Recovering From Bankruptcy: What You Need To Know

It's possible to have a full financial life after a bankruptcy filing.

For some, bankruptcy may seem like rock-bottom. They envision bankruptcy as an absolute last resort, a sign of failure, or the proverbial end to their financial lives. Thankfully, this simply isn't the case. Bankruptcy isn't an end. Instead, it is actually a fresh start. It wipes the slate clean, allowing people to begin anew to rebuild their credit after a period of late payments, discharges or write-offs.

If you are considering filing for bankruptcy, you may be worried about the long-term impact. You may fear that you won't be able to ever again get a mortgage, finance a car or apply for a new credit card. These fears are, in a word: wrong.

It is possible to both get the financial assistance bankruptcy offers and still reap the benefits of a positive credit history. It will take time - and patience - but things go faster than many people realize.

How long until I can get a mortgage?

Many people are surprised to realize that they are able to either get a new mortgage or refinance an old one as soon as a year or two after a Chapter 7 or Chapter 13 bankruptcy filing. Not only does a bankruptcy discharge your existing debt, it frees up disposable income to allow new purchases. Shortly after a bankruptcy, you may end up paying more for a mortgage in terms of a higher interest rate, but it is still possible. The same will be true of a refinance. If you qualify, your interest rate might be higher than people with a better credit history, but it could still end up saving you money in the long run.

What's the waiting period to be able to get a car?

Typically, a bankruptcy filing will only impact the ability to finance a new vehicle for a relatively short time, about a year or two. This is just for a dealership that doesn't offer self-financing, though. For those dealerships that finance on site, the waiting period might even be less. Again, the bankruptcy will likely have an impact in the form of a higher interest rate or slightly higher monthly payments, but it is still helpful toward rebuilding a positive credit history.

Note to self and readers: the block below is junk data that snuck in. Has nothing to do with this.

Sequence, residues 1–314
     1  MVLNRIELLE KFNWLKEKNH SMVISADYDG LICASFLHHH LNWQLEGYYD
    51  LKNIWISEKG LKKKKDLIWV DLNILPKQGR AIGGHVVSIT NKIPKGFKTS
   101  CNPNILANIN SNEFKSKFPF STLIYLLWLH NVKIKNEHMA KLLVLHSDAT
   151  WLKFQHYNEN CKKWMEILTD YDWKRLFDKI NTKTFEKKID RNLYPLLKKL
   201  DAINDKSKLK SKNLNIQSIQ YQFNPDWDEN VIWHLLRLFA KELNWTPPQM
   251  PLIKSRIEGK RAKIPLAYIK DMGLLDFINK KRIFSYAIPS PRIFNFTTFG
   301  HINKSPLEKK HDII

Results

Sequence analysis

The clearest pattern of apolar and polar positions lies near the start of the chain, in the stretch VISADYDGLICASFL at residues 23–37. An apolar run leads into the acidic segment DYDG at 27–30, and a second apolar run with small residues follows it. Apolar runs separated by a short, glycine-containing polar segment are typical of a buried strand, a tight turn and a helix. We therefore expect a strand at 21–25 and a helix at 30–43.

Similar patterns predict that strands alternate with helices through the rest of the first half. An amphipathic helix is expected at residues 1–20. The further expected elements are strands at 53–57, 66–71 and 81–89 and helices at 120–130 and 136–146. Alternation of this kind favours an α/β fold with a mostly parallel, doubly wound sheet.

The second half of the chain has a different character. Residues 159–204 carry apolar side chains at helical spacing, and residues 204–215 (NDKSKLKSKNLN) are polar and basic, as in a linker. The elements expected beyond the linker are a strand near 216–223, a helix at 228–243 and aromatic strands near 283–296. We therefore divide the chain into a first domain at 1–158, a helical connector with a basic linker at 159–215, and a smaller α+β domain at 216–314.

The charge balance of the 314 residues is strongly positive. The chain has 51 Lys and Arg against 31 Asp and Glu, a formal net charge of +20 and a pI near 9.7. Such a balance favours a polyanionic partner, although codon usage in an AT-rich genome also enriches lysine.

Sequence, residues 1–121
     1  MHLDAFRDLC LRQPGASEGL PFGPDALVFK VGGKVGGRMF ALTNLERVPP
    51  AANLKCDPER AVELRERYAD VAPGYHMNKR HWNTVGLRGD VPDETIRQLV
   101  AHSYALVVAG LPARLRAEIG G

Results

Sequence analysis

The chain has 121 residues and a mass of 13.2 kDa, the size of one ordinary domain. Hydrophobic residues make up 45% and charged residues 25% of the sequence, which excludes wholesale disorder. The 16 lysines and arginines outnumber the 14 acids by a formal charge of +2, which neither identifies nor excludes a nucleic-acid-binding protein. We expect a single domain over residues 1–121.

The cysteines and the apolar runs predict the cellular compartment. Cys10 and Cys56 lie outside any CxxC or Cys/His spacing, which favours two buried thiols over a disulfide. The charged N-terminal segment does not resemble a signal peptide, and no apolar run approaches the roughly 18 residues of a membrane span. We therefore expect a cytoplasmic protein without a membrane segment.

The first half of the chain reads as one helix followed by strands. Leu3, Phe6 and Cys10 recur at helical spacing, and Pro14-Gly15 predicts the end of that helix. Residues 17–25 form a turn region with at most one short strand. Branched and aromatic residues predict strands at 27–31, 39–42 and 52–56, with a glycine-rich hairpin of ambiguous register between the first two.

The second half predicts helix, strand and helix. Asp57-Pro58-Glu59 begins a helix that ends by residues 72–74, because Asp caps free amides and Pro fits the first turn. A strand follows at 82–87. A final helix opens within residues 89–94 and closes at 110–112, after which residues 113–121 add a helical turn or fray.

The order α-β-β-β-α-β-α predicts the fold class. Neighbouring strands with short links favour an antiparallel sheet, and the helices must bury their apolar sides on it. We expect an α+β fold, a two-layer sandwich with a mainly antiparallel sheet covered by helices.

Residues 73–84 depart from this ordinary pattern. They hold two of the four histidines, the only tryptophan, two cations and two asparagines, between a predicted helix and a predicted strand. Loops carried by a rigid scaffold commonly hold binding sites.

When can a bankruptcy come off my credit report?

This question is a bit harder to answer. A Chapter 7 filing usually stays on the filer's credit report for 10 years, while a Chapter 13 is automatically deleted after only seven years. These are only the maximum timeframes, however. It may be possible to, upon request, have a bankruptcy filing removed sooner if there are any deficiencies or incorrect information in the reporting.

As you can see, bankruptcy is not the so-called "life sentence" that some people fear it to be. A bankruptcy filing gives you a chance for financial freedom from debt that you'd otherwise be stuck with for years or even decades down the road. To learn more about whether bankruptcy is right for you, speak with a qualified attorney at Marcus H. Herbert and Associates. The firm helps people throughout western Kentucky and southern Illinois facing financial hardship. Call their Paducah law office toll-free at 866.702.8933 or contact them online today.